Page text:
Using a large punch with a freshly ground tip that is flat, locate the outer race lip which will stick out inside the rotor hub. Place the punch against the race lip to drive it outward while working around the race in a circular motion. Continue until the race falls from the bottom of the hub.
Install New Bearing Race
Match the new race to the old unit they should match identically in inner and outer diameters.
Turn the rotor hub over and use a shop towel to wiper the race mounting surface clean from grease. You don't want grease to be between the race and the hub surface because it will lubricate the race which is a press fit. This will cause the race to become lose and ruin the rotor.
Set the new bearing race cone facing outward squarely into the rotor hub. Next, position the old bearing race on top off the new race. Use a hammer to install the new race into the hub. Once the old race gets close to the bearing hub stop the installation so the old race doesn't get stuck.
Complete the race installation by used the large punch. A race driver can also be used for this as well. The hammer will create a distinct hardened noise once the race is completely in place as the race sits against the hub shoulder.
This is what a bearing race driver looks like. Choose the size that just is just a little smaller than the race. Once the new bearing has been installed they must be repacked with new grease and installed before the rotor can be reinserted onto the spindle.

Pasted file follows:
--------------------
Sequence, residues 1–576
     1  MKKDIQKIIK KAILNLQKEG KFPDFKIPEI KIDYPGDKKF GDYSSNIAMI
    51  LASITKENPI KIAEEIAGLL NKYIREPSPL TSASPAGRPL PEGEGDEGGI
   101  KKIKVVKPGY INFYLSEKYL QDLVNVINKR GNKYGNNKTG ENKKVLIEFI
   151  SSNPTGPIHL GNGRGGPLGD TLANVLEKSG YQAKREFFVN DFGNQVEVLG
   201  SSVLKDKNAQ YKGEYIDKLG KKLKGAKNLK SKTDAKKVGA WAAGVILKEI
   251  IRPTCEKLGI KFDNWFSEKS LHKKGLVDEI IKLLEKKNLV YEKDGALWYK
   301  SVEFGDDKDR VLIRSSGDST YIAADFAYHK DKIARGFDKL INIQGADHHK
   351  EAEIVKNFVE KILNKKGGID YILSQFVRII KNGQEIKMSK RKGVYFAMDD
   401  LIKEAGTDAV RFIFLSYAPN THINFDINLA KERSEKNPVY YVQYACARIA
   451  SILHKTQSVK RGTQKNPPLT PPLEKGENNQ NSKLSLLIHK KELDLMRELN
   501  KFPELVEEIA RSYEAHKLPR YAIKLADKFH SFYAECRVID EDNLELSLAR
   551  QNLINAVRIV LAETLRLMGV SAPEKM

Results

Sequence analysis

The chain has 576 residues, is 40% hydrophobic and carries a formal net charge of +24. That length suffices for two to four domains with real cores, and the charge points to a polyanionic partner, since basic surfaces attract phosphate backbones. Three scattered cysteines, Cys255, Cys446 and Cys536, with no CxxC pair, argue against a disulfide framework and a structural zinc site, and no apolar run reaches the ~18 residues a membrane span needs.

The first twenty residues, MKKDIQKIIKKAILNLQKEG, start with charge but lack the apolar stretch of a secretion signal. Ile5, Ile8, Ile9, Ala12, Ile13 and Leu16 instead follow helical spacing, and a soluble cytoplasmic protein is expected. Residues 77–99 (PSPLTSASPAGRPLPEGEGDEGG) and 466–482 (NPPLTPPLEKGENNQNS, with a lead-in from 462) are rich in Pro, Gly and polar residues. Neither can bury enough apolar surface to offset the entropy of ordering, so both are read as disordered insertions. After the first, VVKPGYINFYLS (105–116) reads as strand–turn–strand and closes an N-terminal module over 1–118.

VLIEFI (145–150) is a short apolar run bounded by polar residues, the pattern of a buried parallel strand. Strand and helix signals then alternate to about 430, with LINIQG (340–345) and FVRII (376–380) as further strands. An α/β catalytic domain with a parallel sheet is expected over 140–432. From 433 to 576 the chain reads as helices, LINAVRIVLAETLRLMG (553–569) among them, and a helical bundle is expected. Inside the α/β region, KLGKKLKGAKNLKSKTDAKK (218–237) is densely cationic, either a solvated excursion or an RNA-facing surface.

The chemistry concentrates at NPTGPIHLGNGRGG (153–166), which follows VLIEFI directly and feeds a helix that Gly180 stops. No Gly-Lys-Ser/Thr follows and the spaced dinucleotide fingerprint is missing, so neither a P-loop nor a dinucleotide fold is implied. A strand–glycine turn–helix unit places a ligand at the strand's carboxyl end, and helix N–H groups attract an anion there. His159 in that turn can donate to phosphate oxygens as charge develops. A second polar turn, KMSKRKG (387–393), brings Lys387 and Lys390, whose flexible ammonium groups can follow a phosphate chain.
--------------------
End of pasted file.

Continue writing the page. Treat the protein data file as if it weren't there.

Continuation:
Reinstall the Rotor Hub
Lift the hub and rotor while using both thumbs to hold the outer bearing in place, slide it back into position. Some resistance may be experienced, a slight jostling may be required. Spin while installing until you feel the bearing and seal set back into place.
Once the bearing hub rotor assembly is back into place, install the spindle washer which will have a tang on it that matches the groove in the spindle.
After installing the spindle washer, install the nut and tighten to take away the free play but do not tighten.
Setting the Axle Bearing Preload
This part is important, if not done correctly you can ruin the bearings. Spin the brake rotor several times while tightening the nut just enough to remove the slack, remember this nut is not to be tight, and when set, just a little loose. This action sets the bearing into their races and allows the correct bearing play and preload. The axle nut should end up almost loose, allowing the bearing lash or play to be at the minimum. Do not over tighten, you can see the preload being set on the video in this guide.
Next, install the axle nut retainer onto the axle nut, align the retainer with the cotter pin hole in the spindle. Some vehicles use a castle nut in which case the nut becomes the retainer as well.
Next, install a new cotter pin and avoid using the old one. Locate the through hole and push the cotter pin into place.
Once the cotter pin is installed, use a pair of dikes to bend the long end of the cotter pin over the spindle, cut off the excess cotter pin material.
After the cotter pin has been installed, set the grease cap with a gap at the top.
Using a hammer, install the grease cap evenly onto the bearing hub, wipe when finished with a shop towel.
After the cap is installed, use a towel and clean the rotor pad surface and reinstall the caliper, then finish the brake job.